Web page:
Manchester City won the treble last season so will contend Sunday's Community Shield against last season's Premier League runners-up Arsenal (10:50 a.m. ET, stream live on ESPN+). But after a summer of upheaval, transfers and tours on foreign soil, how will each side match up? And does it mean anything before the season starts on Aug. 11?
What state are the teams in after the summer?
Dawson: For the first time in a while there are questions about the Manchester City squad. Mateo Kovacic has come in but Ilkay Gundogan has left for Barcelona and Riyad Mahrez has moved to Saudi Arabia. There are also doubts about the futures of Bernardo Silva, Kyle Walker, Joao Cancelo and Kalvin Phillips. Pep Guardiola's mantra has usually been that he won't keep players who are unhappy, but he can't afford a mass exodus this summer. A £77.6 million ($98m) deal for RB Leipzig centre-back Josko Gvardiol is dragging on, and if it doesn't get done, you could argue that City will be weaker this season than last.
Olley: Arsenal have attempted to maintain the momentum of last season's unexpected Premier League title challenge by spending around £200m on three major summer signings -- midfielder Declan Rice (£100m), defender Jurrien Timber (£40m) and forward Kai Havertz (£67.5m), all of whom were acquired early enough to take full part in the club's preseason tour of the United States. Although the Gunners still have work to do in the market -- not least in trimming the squad -- the club made a point of trying to do their business early in an effort to try to kick on in 2023-24. They impressed in victories over the MLS All-Stars and Barcelona, and although a defeat to Manchester United came in between, there is a sense of optimism that Arsenal can meet heightened expectations in the months ahead.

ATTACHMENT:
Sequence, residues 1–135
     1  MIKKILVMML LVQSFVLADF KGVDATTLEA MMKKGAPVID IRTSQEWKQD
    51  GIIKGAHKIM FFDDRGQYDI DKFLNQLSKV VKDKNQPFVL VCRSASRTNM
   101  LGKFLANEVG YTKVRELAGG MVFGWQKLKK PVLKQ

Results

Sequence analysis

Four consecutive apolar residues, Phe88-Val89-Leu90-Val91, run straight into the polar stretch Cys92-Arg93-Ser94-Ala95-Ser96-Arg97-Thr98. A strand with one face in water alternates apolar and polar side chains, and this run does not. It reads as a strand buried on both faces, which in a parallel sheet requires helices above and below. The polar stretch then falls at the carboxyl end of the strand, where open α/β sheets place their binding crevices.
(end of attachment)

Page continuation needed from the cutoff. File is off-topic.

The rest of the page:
Dawson: Rodri was fantastic for City last season and would have been close to winning the top individual awards if striker Erling Haaland hadn't scored 53 goals in 52 games. The Spain midfielder will get an early test when he comes up against Arsenal, who will be stronger in midfield after the addition of Rice.
Rice earned a big-money move to the Emirates with his performances for West Ham and England, but the next question will be: can he step up to another level now that he's playing for a better team? The battle between Rodri and Rice at Wembley on Sunday should be fascinating.
Olley: It is hard to get away from Rice given his fee could rise from £100m up to £105m, a record amount for a British footballer. The sheer scale of that investment demands that he has a transformative effect on Arsenal's midfield and Rob is right to highlight the battle with Rodri. No City player played more Premier League minutes last season than Rodri and Mikel Arteta will likely want Rice to be similarly influential in his Arsenal team; it was interesting to note he operated in a slightly more advanced role with Thomas Partey sitting deep in the friendly against Monaco on Wednesday.
There are also question marks over Havertz following a mixed spell at Chelsea. He will need to start well in the first few weeks to put those doubts behind him.
Pep Guardiola disagrees on being considered the greatest of all time.
What will the managers do differently to make a statement?